When I first became an investment advisor back in 1981, interest rates were a lot different than today. For example, you could earn nearly 20% on a safe, secure money market fund. You could earn 12% totally tax-free on a AAA rated municipal bond. Completely risk-free, three-month Treasury Bills were paying north of 15%!
Doesn’t that seem impossible? It’s true, though.
Back then, nobody was wondering how they could earn more interest on their savings, because nobody needed to. Fast-forward to today and that’s all investors talk about. And no wonder: If you’re attempting to live off the interest on your savings, best you have a ton of savings.
If you’ve got a million bucks in the bank that’s only earning .1%, you’re only making a thousand bucks a year in interest: Good luck living on that. On the other hand, if you could earn 10% on that million bucks, you’re earning $100,000. That’s more like it, right?
Unfortunately, there’s no free lunch. Only a liar or a fool would try to convince you that you could earn 1,000 times more interest with no additional risk. But, just maybe, you can earn 1,000 times more interest without taking 1,000 times more risk.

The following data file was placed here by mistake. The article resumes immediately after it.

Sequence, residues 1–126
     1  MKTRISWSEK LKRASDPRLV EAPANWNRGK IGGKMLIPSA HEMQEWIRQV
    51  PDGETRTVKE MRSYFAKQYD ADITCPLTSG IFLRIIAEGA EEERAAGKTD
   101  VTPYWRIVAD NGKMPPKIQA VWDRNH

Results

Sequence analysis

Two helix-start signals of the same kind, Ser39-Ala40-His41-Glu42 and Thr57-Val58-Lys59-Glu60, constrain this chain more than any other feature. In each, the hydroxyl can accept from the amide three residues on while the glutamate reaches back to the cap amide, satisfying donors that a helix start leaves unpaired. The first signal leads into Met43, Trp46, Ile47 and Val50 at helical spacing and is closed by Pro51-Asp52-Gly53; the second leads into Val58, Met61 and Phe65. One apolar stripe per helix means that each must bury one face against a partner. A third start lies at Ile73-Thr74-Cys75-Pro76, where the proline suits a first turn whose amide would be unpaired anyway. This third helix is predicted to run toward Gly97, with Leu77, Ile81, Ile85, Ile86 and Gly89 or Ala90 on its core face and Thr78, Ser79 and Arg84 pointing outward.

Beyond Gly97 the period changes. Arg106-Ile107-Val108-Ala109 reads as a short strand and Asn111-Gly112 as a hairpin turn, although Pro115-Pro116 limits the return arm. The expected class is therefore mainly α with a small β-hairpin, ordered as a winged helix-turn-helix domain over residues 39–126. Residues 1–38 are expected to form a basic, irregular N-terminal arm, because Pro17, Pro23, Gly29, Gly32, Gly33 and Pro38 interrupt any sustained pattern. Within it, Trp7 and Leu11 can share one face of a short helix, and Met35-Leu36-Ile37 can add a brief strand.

That’s what this week’s “Money!” podcast is about. Today we’re going to discuss a bunch of ways to earn 10% or more on your savings, while also examiniting the risks involved.
Sit back, relax and listen to this week’s “Money!” podcast:
Don’t listen to podcasts?
A podcast is basically a radio show you can listen to anywhere and anytime, either by downloading it to your smartphone, or by listening online. They’re awesome for learning stuff and being entertained when you’re in the car, doing chores, jogging or, if you’re like me, riding your bicycle.
If you haven’t listened to our podcast yet, give it a try, then subscribe. You’ll be glad you did!
Want more information? Check out these resources:
I founded Money Talks News in 1991. I’m a CPA, and I have also earned licenses in stocks, commodities, options principal, mutual funds, life insurance, securities supervisor and real estate.
Disclosure: The information you read here is always objective. However, we sometimes receive compensation when you click links within our stories.
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